degradability


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de·grad·a·ble

 (dĭ-grā′də-bəl)
adj.
Capable of being chemically degraded: degradable plastic wastes.

de·grad′a·bil′i·ty n.

degradability

the state or quality of being susceptible to breakdown or decomposition. — degradable, adj.
See also: Decaying
the state or quality of being susceptible to breakdown or decomposition. — degradable, adj.
See also: Materials, Properties of
References in periodicals archive ?
Several researchers have attempted to modify and improve the degradability of PCL and PLA through copolymerization.
As the world's biggest producer of polylactic acid (PLA) resins made by bacterial fermentation of cornstarch or sugar beets, Cargill says PLA will have to compete on properties and cost with other commodity resins in uses where degradability is a secondary or negligible attraction.
Such an improvement in degradability would be a boon for the nation's landfills.
Other states have tried to define degradability more exactly or have addressed the issue of plastic six-pack connecting rings.
Many of the MWare products have met the ASTM 6868 standard for degradability and are currently being certified for compostability.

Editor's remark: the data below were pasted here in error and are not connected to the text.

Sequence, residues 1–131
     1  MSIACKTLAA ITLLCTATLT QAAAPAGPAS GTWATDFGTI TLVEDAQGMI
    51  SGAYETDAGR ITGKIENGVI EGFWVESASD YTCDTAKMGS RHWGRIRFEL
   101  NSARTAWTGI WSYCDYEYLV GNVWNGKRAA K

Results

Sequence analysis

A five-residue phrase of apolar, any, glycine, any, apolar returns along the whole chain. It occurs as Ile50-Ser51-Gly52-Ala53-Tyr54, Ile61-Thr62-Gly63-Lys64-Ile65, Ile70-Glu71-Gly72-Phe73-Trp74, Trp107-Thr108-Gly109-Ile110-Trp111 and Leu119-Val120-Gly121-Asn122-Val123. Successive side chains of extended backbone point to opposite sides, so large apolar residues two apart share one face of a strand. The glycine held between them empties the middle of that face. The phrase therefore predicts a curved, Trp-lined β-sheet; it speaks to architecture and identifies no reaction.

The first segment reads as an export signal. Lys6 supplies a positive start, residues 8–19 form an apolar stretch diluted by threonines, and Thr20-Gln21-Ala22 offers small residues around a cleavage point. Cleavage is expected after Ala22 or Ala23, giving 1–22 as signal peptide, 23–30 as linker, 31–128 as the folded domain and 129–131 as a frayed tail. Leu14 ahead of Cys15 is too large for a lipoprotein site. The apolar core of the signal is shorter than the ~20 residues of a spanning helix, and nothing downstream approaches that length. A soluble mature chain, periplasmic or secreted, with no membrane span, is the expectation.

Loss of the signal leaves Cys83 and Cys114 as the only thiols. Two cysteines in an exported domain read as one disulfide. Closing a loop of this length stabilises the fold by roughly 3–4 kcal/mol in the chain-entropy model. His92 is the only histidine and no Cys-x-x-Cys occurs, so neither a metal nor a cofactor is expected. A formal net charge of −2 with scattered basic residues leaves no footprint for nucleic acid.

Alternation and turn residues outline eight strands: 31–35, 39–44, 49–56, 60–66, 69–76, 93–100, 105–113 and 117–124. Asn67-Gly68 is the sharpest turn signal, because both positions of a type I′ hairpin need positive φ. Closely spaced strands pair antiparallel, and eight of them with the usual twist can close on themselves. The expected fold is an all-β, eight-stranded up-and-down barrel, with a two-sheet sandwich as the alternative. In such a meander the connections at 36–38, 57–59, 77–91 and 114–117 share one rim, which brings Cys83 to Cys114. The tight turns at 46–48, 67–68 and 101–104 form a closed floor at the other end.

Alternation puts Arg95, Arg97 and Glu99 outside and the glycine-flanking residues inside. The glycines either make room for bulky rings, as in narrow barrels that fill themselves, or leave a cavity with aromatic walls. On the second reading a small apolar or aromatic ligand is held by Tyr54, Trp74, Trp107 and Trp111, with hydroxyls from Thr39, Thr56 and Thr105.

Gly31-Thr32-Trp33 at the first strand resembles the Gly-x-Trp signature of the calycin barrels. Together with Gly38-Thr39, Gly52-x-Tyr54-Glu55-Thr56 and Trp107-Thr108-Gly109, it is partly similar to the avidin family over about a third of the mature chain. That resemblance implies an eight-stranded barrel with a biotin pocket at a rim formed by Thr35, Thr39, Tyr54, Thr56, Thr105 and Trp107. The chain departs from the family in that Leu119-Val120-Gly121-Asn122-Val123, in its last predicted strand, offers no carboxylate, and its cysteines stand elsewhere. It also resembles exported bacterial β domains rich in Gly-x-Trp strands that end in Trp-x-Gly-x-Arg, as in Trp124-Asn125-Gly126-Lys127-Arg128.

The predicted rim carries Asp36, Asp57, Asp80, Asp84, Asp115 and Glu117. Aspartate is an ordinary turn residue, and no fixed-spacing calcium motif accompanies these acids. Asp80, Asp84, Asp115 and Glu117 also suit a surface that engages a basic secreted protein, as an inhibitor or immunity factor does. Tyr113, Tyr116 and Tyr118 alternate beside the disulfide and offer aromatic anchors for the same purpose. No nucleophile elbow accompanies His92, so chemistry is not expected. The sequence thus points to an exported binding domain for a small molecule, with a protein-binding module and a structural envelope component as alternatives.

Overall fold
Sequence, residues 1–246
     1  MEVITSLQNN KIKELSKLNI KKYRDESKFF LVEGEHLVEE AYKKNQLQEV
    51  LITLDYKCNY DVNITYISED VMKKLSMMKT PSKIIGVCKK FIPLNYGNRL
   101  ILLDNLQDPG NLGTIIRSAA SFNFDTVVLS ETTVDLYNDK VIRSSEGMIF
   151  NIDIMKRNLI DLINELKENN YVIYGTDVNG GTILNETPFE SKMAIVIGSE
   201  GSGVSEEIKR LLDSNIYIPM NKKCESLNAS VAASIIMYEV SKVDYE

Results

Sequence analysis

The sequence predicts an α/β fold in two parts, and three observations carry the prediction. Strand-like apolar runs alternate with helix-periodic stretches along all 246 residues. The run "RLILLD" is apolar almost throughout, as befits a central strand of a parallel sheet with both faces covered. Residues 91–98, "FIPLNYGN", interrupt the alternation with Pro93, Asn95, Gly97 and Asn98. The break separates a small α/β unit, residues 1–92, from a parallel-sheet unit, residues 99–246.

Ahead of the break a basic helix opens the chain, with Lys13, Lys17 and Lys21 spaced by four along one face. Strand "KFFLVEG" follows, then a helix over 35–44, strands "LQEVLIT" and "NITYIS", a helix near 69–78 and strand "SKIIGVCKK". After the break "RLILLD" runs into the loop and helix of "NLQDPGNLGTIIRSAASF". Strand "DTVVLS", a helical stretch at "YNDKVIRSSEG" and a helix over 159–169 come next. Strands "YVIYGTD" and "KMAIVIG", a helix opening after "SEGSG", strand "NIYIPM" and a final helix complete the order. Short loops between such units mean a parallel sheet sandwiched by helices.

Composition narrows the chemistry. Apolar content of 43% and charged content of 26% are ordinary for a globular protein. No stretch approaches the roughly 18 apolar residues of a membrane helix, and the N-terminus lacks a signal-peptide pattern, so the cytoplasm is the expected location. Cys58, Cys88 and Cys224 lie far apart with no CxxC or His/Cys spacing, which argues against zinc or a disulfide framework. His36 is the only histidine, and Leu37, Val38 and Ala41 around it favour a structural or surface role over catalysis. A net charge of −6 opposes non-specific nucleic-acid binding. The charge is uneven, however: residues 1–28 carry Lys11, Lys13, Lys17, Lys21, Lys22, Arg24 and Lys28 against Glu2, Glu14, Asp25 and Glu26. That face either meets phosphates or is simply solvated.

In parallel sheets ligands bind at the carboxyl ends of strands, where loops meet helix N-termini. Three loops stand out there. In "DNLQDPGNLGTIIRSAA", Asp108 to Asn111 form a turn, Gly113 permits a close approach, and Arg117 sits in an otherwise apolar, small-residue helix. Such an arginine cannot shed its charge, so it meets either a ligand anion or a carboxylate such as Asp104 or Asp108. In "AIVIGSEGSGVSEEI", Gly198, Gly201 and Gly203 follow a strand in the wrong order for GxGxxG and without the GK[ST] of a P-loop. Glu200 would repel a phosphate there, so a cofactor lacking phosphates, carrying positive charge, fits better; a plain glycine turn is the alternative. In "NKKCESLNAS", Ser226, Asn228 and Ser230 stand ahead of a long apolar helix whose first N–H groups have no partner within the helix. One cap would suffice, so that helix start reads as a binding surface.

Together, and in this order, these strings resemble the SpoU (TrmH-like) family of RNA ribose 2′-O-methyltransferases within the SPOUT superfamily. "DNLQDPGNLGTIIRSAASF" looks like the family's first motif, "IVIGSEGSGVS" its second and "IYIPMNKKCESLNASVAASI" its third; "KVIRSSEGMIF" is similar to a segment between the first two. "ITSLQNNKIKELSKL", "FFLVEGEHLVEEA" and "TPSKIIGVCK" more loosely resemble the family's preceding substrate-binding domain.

Pressure readings were taken more frequently during the initial fermentation period and reduced later (0, 4, 6, 8, 10, 12, 15, 19, 24, 30, 36, 48, 72 and 96 hours); after the readings of 12, 24, 48, 72 and 96 hours, two vials were taken from each treatment to determine the degradability.
Until now, no studies have evaluated the effects of CDDGS supplementation on productive performance, intake, digestibility, in situ degradability, fermentation patterns and concentrations of blood metabolites in beef cattle grazing on arid rangelands.
Applicable Standard For Bio Degradability As Per Astm-D-3826-98, D-5208-01 And D-5510-94 Ann-I- For Applicable Standard For Bio Degradability.
Thus, the aim of this study was to evaluate in situ rumen degradability and in vitro digestibility of dry matter (DM) of concentrated supplements formulated using pelleted diverse potato flour with varying levels of urea.
Degradability can therefore be engineered into polymers by the addition of chemical linkages such as anhydride, ester, or amide bonds.
The nanofibers are made of cellulose acetate/gelatin, and they have a similar structure with human body with appropriate degradability.
The netting integrity is not compromised during its functional life, but provides the added benefit of controlled degradability.